As a teenage musician, I know how tough it is to find gigs. I also know how much you want to play out (why else would you look at this article?). First thing to remember: Music is a business. What does that translate into? Well, lemme ask you a question: Would you bring someone or something into your business that would cost you money? I’d hope you answered no to that; you’re business won’t last long! Now music venues make money on a few things: ticket sales, food, merchandise, and BOOZE. So by having teenagers, who will bring in more teenagers (who won’t buy beer ’cause it’s illegal), they are potentially losing money. But, fear not, there are ways to get gigs.
First off, record all your performances. Good or bad quality, sometimes this is all a venue will see of you. You can also record practices if you need music samples online. It’s a cheap, easy way to get “demos” online.
So how can you get gigs? Well, most likely, depending on your location, you’ll need to wait until summer. Many venues will offer “open stages” or “new talent nights” on their slow nights (usually Monday-Wednesday, hence the summer part. Those are school days, and where I live, the closest open stages are an hour away). Go to these when possible. This is how a venue will see if you are capable of playing on a Friday or Saturday night (the busy nights). Playing on a Friday or Saturday night is HUGE. Not only are you playing in a show with other bands, you’re playing in front of a larger audience, which in turn will get you more fans. So treat these slow weekday shows like it’s your biggest show ever!
Open mics are also good. Sometimes, they’ll allow whole bands to sign up and play a few songs. This is great because you’re surrounded by other musicians who possibly might want you to play with them! Check some of them out.
Network with other musicians. This means going out to local shows, getting an online presence, etc. Present yourself and that you’re in a band, and see if you can play a show with an already established band. This also helps when setting up shows. Network, and see about setting up a show with the “biggest” band headlining (who will bring the most fans).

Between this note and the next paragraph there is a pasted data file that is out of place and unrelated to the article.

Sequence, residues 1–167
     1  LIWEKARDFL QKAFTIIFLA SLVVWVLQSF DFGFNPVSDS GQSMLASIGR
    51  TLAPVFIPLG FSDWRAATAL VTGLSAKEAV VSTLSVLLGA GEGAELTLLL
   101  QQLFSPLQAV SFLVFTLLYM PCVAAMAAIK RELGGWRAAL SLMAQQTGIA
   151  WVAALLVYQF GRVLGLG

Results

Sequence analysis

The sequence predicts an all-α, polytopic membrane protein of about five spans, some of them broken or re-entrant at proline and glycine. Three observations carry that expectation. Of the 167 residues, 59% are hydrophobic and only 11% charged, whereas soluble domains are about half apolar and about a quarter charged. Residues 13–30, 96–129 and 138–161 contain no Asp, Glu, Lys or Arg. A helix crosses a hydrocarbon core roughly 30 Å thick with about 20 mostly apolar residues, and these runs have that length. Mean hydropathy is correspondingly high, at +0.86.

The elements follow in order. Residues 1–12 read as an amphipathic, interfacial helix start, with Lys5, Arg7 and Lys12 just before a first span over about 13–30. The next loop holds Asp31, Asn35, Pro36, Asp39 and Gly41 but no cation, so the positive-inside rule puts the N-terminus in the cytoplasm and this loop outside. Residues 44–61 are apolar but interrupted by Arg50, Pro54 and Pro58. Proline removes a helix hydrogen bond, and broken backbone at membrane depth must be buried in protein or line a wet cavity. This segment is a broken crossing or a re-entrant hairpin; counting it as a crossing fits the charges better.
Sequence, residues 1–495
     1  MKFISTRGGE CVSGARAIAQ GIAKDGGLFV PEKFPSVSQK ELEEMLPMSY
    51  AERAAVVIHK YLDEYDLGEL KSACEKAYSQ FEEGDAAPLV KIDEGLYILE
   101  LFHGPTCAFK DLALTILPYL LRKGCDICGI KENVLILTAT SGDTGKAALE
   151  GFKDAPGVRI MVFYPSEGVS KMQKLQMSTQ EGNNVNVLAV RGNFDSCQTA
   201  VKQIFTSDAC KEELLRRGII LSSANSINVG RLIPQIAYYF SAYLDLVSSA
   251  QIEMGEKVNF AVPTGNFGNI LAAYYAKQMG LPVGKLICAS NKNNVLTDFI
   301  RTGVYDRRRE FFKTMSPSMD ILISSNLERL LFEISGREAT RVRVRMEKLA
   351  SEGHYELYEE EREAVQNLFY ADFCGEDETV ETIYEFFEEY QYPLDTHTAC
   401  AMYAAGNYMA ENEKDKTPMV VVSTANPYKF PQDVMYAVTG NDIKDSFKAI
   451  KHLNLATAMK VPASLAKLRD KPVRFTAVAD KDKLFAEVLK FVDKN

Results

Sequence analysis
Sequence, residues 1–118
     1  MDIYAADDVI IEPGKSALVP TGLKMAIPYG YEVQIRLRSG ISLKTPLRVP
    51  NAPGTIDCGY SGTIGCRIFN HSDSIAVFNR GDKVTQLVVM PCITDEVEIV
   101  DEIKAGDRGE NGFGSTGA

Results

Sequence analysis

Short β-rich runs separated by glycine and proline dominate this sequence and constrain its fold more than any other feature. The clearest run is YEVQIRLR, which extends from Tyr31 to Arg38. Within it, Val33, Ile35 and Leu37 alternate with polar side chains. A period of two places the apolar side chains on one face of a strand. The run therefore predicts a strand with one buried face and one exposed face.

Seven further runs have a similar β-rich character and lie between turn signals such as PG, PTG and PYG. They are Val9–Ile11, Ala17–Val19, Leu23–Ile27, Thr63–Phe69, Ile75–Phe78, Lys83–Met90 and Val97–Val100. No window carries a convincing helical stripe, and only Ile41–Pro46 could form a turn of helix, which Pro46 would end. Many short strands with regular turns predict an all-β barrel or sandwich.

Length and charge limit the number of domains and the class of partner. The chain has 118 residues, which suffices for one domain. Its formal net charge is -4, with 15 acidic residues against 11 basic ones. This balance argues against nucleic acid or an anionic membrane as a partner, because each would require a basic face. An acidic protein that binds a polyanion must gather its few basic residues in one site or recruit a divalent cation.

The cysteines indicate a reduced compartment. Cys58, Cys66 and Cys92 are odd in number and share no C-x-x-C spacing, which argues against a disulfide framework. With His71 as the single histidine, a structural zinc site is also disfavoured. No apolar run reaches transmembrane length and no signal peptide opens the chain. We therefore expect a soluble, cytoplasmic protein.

Contact festivals!!! Learn about them early and email them before anyone else does (well, that’s not important, but email early) to see about booking a spot. If it’s a local festival, you probably will get a chance to play. If not, you still might!
Look for battle of the bands. I know many places have Battle Of The Bands open to anyone, and some specifically to teenagers.Even if you suck and don’t win, you just played on a big stage with a ton of other bands in front of a big audience and probably a panel of judges who, somehow, are in the music industry. Yeah, now all those people know about your band.
Use Craigslist. Yeah, it’s not the best, but hey, sometimes you’ll find someone or something on it that will help you get gigs. My first gigs came from Craigslist!
There are many options and not just these, but these are the easiest to do. When contacting places, make sure you are professional. wuld u hyre some1 who types liek tis? Or would you hire someone who talks like this? Remember, it’s a business, and teenagers aren’t normally welcomed in this business, so act more professional than your older counterparts. Also, send follow up emails. Maybe they lost your email, or never received it, or even, in some cases, sent it to another person who does the bookings and forgot to tell you. My rule is usually about 3 weeks. Be persistent, not annoying. Also, be prepared to play for “recognition” and not money. Why pay money to a band who brought 2 people who bought chips and water? Always remember, it’s a business.
To help you get started, here are some keywords you can try to google:
battle of the bands
festivals 2011 (or 2012, 2013, etc, whatever year it is)
Use your imagination. And dig deep. Don’t expect page 1 to say “EVERYONE COME PLAY HERE!!!!!!!!!”